Long life has been said as a blessing from one Jew to another for thousands of years. We also say L’chaim!, to Life!, as a blessing to each other as we take a drink. Two blessings we give, but very different in their ramifications.
According the the Harvard School of Public Health, beginning in the year 2012, 10,000 people a day will start turning 65. We are aging differently than previous generations, however. Physically and mentally, the health of today’s 70-year-old now equals that of a 65-year-old in the 1970s. Since that period, deaths from heart disease and many cancers have dipped. And while most older adults have at least one chronic health problem, disability has slowly and significantly declined. It is interesting to note that the United States has been slipping in its longevity ratings compared to other countries. Israel, on the other hand, has been climbing.
When the numbers are added up carefully, there are obvious differences between men and women and people of different races. A newborn boy born in 2004 or after can expect to live a bit more than 75 years, while his sister can expect to live to slightly more than 80. As you grow older, your average life expectancy stretches. For example, while the life expectancy of a newborn in the United States is nearly 78, but a 65-year-old can expect to live 19 years longer, and a 75-year-old for another 12. What is just as important as Long Life is the “l’chaim” part of it—maintaining not only longevity, but quality of life, until 120.
Why did life expectancy increase so much in the 20th century in developed nations? Whether individuals contract a particular disease is usually determined by three things: their lifestyle (including diet and exercise), their environment (such as exposure to infectious microbes or toxins), and their genes. Increased life span surely has nothing to do with genes: our genes today are the same as they were a century ago. Instead, changes in lifestyle and environment are responsible. Changes in the environment—such as better sanitation, the use of antibiotics, and many other improvements in medical care—can claim much of the credit. As for lifestyle, in developed nations, nutritional deficiency diseases largely were eliminated in the last century. Still, not all nutritional changes have been entirely for the better. In the United States, at the turn of the 20th century, most Americans lived on farms or in rural communities. We ate fresh, unprocessed food every day, and we worked hard physically. Today, our diets are less healthful in many ways, and we exercise less. And that leads us to the second blessing—l’chaim!
The doctors can definitely help us live longer with all of the great advancement in medical care and medicines that we have today. But there is so much that we can do that will extend and enhance our lives. And we all understand the value of every second of life. So it is incumbent upon us to take our well-being into our own hands. The Be’er HaGolah at the very end of Choshen Mishpat tells us there is no bigger Hefkerus than not taking care of one’s self and the Rambam in Hilchos Daos 4:1, 14 writes very clearly: “Because for the body to be healthy and wholesome is among the ways of Hashem… therefore a person must distance himself from those things that cause his body damage… And they stated another rule relating to the health of the body: As long as a person engages in physical activity and works hard…no illness will attack him and his strength will increase.”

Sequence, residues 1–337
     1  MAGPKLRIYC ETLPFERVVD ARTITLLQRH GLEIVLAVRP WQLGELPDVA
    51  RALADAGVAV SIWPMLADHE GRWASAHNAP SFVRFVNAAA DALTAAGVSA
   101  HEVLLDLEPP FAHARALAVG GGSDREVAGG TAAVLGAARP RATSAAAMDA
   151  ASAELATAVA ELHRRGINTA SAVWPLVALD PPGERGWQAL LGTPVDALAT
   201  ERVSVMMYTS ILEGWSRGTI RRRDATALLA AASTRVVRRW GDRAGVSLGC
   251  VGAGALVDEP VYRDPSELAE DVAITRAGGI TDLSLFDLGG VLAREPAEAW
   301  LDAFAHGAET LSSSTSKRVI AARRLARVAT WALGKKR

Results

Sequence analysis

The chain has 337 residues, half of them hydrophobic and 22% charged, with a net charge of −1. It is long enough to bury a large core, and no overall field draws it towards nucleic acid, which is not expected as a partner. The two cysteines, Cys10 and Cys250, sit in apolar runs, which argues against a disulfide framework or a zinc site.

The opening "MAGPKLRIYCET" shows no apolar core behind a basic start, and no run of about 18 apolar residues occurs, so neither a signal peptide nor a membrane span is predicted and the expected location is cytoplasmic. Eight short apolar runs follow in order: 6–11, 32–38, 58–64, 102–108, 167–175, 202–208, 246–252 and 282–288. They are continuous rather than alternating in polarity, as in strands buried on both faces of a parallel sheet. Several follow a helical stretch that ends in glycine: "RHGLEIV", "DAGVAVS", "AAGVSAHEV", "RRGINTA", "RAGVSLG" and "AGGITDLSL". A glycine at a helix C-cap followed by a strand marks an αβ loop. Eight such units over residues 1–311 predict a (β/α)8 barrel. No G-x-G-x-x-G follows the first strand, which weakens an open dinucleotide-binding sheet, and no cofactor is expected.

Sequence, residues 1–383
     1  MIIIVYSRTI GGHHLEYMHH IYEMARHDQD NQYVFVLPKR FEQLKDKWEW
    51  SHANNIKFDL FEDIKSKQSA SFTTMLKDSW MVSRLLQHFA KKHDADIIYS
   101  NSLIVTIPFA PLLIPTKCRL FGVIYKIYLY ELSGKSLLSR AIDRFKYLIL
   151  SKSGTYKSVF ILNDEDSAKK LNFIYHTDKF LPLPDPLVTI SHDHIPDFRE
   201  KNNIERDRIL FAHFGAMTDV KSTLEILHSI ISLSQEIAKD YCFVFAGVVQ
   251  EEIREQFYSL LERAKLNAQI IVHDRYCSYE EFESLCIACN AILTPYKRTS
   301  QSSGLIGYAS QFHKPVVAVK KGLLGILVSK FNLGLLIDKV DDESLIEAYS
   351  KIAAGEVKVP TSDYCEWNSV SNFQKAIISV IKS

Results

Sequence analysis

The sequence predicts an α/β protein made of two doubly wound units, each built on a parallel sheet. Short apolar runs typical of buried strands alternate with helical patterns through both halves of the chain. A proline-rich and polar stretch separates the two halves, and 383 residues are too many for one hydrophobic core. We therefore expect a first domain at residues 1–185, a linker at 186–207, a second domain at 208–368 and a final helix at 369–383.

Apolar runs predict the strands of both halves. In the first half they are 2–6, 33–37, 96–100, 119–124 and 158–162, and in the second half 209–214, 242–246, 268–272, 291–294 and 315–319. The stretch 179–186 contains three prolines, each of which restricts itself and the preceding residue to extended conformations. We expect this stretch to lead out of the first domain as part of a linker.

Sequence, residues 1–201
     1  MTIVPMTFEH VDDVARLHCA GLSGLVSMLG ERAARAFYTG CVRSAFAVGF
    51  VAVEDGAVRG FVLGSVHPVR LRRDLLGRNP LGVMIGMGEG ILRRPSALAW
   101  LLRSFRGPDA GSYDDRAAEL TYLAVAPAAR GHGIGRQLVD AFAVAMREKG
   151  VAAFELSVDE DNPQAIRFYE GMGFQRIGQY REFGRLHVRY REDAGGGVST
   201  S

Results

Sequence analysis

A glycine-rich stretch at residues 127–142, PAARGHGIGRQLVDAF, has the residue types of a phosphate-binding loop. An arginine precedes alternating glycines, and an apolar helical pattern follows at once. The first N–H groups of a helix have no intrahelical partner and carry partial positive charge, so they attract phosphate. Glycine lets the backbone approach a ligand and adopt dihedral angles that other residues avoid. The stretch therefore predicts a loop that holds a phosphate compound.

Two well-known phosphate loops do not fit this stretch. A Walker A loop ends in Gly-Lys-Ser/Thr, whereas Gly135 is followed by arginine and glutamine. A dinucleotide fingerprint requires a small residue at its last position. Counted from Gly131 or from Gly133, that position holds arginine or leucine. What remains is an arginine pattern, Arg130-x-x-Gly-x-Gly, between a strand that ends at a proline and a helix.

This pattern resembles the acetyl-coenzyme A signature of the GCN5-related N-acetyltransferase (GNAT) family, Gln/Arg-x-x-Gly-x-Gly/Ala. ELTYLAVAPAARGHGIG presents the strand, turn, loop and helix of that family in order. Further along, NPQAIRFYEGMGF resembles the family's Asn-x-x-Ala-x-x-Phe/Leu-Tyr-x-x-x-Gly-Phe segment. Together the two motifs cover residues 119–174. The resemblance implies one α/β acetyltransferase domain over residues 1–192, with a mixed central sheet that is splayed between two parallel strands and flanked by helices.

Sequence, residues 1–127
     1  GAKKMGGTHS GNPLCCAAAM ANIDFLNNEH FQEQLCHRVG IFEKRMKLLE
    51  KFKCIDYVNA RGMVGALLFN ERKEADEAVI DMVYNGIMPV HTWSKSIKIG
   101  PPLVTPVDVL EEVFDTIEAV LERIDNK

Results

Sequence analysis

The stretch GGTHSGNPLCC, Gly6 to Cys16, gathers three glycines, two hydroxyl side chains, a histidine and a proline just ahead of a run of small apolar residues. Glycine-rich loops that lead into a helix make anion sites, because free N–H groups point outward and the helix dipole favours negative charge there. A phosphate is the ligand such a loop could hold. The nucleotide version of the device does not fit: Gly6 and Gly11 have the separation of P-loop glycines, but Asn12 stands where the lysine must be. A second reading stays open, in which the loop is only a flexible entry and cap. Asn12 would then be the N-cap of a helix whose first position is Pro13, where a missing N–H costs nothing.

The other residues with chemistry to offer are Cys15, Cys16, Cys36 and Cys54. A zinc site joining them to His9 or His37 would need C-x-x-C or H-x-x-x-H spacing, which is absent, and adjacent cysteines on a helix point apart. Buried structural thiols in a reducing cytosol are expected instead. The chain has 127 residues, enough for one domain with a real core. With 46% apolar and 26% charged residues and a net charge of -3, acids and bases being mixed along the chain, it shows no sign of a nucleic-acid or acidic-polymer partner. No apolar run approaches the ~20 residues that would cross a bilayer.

So what are some practical measures we can take to both extend life and be able to serve the Ribono Shel Olam well during that time? Again, Harvard Medical School gives us some practical tips to do to the best of our ability:
1. Don’t smoke.
2. Incorporate physical and mental activities into daily life.
3. Eat a healthy diet rich in whole grains, vegetables, and fruits, and substitute healthier monounsaturated and polyunsaturated fats for unhealthy saturated fats and trans fats.
4. Take a daily multivitamin, and be sure to get enough calcium and vitamin D.
5. Maintain a healthy weight and body shape.
6. Challenge your mind.
7. Build a strong social network.
8. Protect your sight, hearing, and general health by following preventive care guidelines.
9. Floss, brush, and see a dentist regularly. Poor oral health may have many repercussions, including poor nutrition, unnecessary pain, and possibly even a higher risk of heart disease and stroke.
10. Discuss with your doctor whether you need any medication—perhaps to control high blood pressure, treat osteoporosis, or lower cholesterol—to help you stay healthy.
Most of your health and longevity is in your hands. Hashem has given us all the tools at our disposal in order to maintain our well-being. Let’s use them. Let’s be active, exercise, eat right, stay positive, and manage and reduce stress. Following these tips can “add hours to your day, days to your year and years to your life.”
For more information on programs and events, or content related to health, family, and community please visit: OU Community Services.
Alan Freishtat is an A.C.E. CERTIFIED PERSONAL TRAINER and a BEHAVIORAL CHANGE and WELLNESS COACH with over 19 years of professional experience. Alan is the creator and director of the “10 Weeks to Health” program for weight loss. He is available for private coaching sessions, consultations, assessments and personalized workout programs both in his office and by telephone and skype. Alan also lectures and gives seminars and workshops. He can be reached at 02-651-8502 or 050-555-7175, or by email at firstname.lastname@example.org Check out the his web site –www.alanfitness.com US Line: 516-568-5027.
The words of this author reflect his/her own opinions and do not necessarily represent the official position of the Orthodox Union.
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